Production: Although Helium is one of the most common elements in the universe it is a rare gas on earth. It exists in the atmosphere in such small quantities (less than five parts per million) that recovering it from the air is uneconomical. Helium is produced as a by-product of the refining of natural gas, which is carried out on a commercial scale in the USA and Poland. In these areas natural gas contains a relatively high concentration of Helium which has accumulated as a result of radioactive decay of heavy elements within the earth's crust. Helium is supplied to distribution centres throughout the world in liquid form in large cryogenic containers. The Helium is filled into liquid containers, gas cylinders and cylinder packs as necessary.
History of Helium Production: Government involvement in helium conservation dates to the Helium Act of 1925 which authorized the Bureau of Mines to build and operate a large-scale helium extraction and purification plant. From 1929 until 1960 the federal government was the only domestic helium producer. In 1960, Congress amended the Helium Act to provide incentives to natural gas producers for stripping natural gas of its helium, for purchase of the separated helium by the government, and for its long-term storage. With over 960 million cubic meters (34.6 billion cubic feet) of helium in government storage and a large private helium recovery industry, questions arise as to the need for either the federal helium extraction program or the federally maintained helium stockpile.
In a move which would take the federal government out of the helium business, Congress passed the Helium Privatization Act (H.R. 873) as part of the Seven- Year Balanced Budget Reconciliation Act of 1995 (H.R. 2491). Although the measure died when the President vetoed the Budget Act on December 6, 1995, the Administration has made a goal the privatization of the federal helium program. On April 30, 1996, the House suspended the rules and passed H.R. 3008, the Helium Privatization Act as agreed to in the House-Senate conference on the Budget Act. Subsequently, the Senate Energy and Natural Resources Committee amended the bill to provide for the National Academy of Sciences to study how best to dispose of the helium reserve. On September 26, 1996, with limited time remaining for the 104th Congress, the House again suspended the rules and passed H.R. 4168, a new bill containing the Senate Committee language. This would avoid the need for a conference if the Senate would also pass the same bill. The Senate did so on September 28, 1996. This report reviews the origin and development of the Federal Helium Program; analyzes the choices that Congress faced in terminating the program; reviews the issues that the National Academy of Sciences will study, and summarizes H.R. 4168.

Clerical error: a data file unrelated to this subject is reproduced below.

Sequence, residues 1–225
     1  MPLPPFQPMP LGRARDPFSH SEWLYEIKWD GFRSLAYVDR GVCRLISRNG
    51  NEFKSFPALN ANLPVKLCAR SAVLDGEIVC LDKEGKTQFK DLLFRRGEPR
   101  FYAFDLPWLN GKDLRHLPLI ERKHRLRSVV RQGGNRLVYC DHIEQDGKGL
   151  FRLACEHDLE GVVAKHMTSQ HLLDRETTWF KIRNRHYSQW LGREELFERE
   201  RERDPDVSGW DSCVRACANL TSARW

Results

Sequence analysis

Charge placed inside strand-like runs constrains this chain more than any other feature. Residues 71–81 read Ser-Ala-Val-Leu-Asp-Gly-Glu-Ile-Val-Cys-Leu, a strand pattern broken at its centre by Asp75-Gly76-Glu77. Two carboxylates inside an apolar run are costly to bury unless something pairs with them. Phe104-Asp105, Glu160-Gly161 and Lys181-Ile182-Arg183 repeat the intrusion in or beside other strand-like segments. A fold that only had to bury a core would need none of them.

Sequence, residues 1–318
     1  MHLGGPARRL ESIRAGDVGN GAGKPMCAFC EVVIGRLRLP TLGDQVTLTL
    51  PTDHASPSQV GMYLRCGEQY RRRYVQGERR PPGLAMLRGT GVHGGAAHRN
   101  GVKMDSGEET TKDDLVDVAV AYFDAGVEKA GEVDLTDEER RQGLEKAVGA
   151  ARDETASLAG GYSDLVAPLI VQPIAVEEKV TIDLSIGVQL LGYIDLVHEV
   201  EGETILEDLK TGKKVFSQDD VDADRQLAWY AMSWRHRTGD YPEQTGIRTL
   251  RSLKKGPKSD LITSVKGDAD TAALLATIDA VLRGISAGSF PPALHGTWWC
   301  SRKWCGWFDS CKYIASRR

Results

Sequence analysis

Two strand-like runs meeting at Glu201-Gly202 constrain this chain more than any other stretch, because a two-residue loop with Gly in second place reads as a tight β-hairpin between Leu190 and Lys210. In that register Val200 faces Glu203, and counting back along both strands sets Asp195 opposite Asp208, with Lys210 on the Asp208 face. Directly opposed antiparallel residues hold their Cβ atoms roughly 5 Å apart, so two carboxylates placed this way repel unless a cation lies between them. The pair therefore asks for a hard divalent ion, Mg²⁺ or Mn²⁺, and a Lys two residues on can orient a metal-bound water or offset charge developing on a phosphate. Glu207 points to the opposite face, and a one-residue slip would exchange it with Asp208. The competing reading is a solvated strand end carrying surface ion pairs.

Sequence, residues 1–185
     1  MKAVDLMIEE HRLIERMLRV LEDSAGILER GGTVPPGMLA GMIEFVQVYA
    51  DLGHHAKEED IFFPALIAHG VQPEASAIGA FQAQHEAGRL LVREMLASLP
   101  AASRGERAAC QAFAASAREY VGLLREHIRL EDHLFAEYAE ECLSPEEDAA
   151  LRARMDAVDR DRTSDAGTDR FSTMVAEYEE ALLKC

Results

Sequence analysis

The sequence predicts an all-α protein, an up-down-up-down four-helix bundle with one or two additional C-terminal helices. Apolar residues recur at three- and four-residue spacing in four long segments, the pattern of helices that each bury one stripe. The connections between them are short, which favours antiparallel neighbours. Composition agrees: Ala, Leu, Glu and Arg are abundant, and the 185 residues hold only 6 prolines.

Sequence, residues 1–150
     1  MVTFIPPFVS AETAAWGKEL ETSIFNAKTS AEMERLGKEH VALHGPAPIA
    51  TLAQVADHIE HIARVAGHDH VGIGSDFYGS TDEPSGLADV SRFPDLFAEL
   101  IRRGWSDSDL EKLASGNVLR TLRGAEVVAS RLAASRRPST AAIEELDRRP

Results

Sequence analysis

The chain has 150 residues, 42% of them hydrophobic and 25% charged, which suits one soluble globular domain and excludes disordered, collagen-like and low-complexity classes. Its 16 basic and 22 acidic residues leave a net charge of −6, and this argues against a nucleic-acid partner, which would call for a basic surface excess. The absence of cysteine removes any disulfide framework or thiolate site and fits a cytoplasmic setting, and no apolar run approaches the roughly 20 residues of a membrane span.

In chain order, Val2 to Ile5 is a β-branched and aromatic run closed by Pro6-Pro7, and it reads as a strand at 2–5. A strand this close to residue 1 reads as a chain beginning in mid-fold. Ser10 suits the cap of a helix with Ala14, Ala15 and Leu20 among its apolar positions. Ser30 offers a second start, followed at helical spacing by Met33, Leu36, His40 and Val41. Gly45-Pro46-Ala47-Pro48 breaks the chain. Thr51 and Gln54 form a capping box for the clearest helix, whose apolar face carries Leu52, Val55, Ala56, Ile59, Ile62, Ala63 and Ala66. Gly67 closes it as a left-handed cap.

Federal interest in helium began with World War I when its military value as an inert lifting gas was recognized by the Army and Navy. The Bureau of Mines' involvement in the Helium Program dates back to passage of the Helium Act of 1925 under which the Bureau was authorized to build and operate a large-scale helium extraction and purification plant. This plant went into operation in 1929 at Amarillo, Texas. Demand increased significantly during World War II and four more plants were built, including the Exell, Texas plant, which is now the Bureau's only operating plant. Private helium operations followed passage of the Helium Act Amendments of 1960 (P.L. 86-777) which authorized the Secretary of the Interior (authority delegated to the Bureau of Mines) to enter into long- term contracts for the acquisition and conservation of helium to be stored in the Cliffside Reservoir near Amarillo, Texas. The Act directed the Secretary of the Interior to operate and maintain helium production and purification plants and related storage, transmission, and shipping facilities. The Act also authorized the Secretary to...